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Picturing Alienation

Tianyuan Hu is a student at Goldsmiths, University of London. Her practice explores alienation, traversing spaces between “the lucid and the lunatic.” The Amorph series expresses these themes as drawn from observations during lockdown; the works depict unsystematic moments when identities and perceptions haven’t been theorised into any definitive meaning or criteria.

A: In Issue 102 of Aesthetica, we feature a piece from the Amorph series. Have you always expressed notions of alienation through art?
TH:
I’m always drawn to the otherness lurking in daily life, along with other related notions such as alienation. Alienation is not just a feeling, but also a phenomenon of bordering. To some extent, I feel we should celebrate otherness and alienation, as they imply diversity and the power of becoming. They set new paths – disrupting boundaries within the predominant norms and majoritarian structures.

In the series Amorph, I explore otherness and alienation by portraying the disintegration of the mundane. I hope to give voices to the uncategorised and the marginalised, to depict those unsystematic moments when linguistic structure fails and language loses its anchor, where identities and perceptions haven’t been theorised into any definitive meaning or criteria.

People sometimes think of alienation in terms of anomaly. I believe the best way to perceive a being is to understand its anomalous state. Therefore, I’m always wondering: what can morbidity tell us about wellbeing? What can cracks tell us about the ground? And maybe the only way to portray myself, is to portray my interior mutations and alienation. I’m looking for a spectral narration in which different impulses and symptoms are developed, where what we see every day is combined and displayed in many different ways: reconfigured and decoded within a diverse spectrum.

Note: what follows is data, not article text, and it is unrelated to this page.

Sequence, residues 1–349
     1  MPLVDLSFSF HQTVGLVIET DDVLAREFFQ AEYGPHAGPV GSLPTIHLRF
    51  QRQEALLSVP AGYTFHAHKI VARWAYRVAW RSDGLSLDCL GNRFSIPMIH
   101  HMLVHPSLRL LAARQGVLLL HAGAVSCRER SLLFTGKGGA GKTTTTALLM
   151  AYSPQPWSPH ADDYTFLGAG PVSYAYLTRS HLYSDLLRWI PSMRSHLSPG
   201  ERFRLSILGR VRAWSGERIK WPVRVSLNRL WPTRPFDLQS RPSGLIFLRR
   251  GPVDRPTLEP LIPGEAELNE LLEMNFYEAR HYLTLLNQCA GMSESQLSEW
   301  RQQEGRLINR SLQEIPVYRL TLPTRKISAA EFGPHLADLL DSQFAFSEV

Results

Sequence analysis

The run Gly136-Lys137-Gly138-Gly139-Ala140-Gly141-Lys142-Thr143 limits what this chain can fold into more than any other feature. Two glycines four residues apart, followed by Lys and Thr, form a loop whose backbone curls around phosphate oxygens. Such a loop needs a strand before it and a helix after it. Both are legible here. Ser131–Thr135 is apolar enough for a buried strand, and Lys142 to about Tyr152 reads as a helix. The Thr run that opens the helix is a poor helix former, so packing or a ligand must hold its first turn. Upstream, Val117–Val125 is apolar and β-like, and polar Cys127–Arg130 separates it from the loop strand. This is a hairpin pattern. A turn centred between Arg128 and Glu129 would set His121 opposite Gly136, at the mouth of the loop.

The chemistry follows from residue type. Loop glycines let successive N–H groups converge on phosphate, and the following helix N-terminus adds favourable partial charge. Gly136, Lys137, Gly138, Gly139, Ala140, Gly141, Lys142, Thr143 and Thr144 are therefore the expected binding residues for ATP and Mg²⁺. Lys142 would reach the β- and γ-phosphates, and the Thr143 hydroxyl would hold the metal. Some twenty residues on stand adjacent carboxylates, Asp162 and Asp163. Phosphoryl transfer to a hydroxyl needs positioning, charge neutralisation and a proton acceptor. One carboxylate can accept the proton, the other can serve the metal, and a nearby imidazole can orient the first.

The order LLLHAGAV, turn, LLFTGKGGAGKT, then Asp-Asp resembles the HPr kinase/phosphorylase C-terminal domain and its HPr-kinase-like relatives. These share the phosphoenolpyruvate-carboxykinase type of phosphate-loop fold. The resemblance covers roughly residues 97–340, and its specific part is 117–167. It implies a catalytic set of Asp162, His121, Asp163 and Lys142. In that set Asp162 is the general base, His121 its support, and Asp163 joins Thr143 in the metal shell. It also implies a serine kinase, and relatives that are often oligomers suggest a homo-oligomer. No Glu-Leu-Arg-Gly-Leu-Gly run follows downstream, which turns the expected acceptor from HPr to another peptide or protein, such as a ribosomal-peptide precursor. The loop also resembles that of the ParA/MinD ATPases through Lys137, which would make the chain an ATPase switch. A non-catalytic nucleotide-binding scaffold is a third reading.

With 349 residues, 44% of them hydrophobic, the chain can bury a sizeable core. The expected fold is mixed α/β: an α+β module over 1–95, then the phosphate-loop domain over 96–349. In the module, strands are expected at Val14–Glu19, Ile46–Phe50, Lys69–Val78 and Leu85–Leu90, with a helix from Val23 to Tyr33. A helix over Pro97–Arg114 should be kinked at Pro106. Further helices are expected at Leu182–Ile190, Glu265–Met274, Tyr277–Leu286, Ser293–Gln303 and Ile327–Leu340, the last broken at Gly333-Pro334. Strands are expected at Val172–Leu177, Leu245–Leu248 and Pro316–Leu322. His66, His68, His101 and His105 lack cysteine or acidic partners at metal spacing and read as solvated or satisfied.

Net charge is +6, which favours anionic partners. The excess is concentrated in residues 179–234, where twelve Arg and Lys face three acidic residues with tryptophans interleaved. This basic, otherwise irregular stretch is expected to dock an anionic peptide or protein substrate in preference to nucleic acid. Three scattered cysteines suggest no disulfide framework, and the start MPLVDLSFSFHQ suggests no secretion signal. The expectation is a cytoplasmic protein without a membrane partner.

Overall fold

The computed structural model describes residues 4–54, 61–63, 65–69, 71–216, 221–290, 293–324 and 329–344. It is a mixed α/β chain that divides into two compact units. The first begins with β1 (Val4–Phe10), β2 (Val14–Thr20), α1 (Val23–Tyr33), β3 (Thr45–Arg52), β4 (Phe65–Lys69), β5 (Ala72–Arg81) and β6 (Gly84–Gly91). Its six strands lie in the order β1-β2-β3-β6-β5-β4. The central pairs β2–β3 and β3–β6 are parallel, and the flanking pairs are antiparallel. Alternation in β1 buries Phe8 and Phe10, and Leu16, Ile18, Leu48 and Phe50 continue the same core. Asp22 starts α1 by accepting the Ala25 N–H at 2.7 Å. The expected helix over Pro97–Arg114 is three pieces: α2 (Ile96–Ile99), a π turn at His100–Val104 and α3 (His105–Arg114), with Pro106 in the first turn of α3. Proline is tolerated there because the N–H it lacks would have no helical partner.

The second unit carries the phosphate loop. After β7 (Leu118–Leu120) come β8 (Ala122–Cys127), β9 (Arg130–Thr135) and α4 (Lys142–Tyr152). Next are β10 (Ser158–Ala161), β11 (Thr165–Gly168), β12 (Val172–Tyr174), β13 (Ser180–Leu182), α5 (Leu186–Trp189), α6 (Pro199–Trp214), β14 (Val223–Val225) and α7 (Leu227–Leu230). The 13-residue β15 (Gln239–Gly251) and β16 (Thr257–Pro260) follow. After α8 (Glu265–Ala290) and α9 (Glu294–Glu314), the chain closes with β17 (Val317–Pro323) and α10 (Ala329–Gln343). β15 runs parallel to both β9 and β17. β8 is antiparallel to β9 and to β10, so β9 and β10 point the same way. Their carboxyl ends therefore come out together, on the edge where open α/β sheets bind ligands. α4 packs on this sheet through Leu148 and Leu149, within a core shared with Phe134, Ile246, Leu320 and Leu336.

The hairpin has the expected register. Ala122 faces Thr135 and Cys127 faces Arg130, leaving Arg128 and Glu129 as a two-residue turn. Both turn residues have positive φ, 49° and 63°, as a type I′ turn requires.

A: Are feelings of alienation personal to you? In what context? 
TH:
Yes. Actually, I named this series Amorph because, for me, the sense of alienation is just like being an amorph – a mutated gene without determinable effect. I always feel somewhat alienated and find it difficult to fit into surroundings no matter where I am. Mentally, I live like a forever nomad. On the inside, sometimes I feel I’m like a stranger to myself, and I’m dissociated from my own perceptions. I have a history of affective blunting, which means that from time to time I lose the ability to experience emotions – just like being placed in a vacuum.

I hope my works can evoke a spectrum of intermingling emotions. One of the impetuses to create art is my longing for intensity and perception, seeking to exorcise myself from self-detachment and numbness. What I try to perceive and portray in my works are the forces caged in my body, the sealed intensity and echoes.

As a female, I feel alienated from the social categories and identities indoctrinated by patriarchy. Particularly in China, feminists are still in a position of marginalised otherness. Women’s voices are severely marginalised and repressed. I guess it’s just hard to not experience alienation. In some senses, I don’t mind feeling alienated, as it reminds me to be critical about the roles and expectations of mainstream culture and society.

Alienation can be an everyday feeling for many people; for others it is more profound. In psychiatry, it can sometimes be seen as: “a state of depersonalisation or loss of identity in which the self seems unreal, thought to be caused by difficulties in relating to society and the resulting prolonged inhibition of emotion.”

A: You’ve mentioned that your work “traverses spaces between the lucid and the lunatic” – which works in the Amorph series do you think best reflect this?
TH: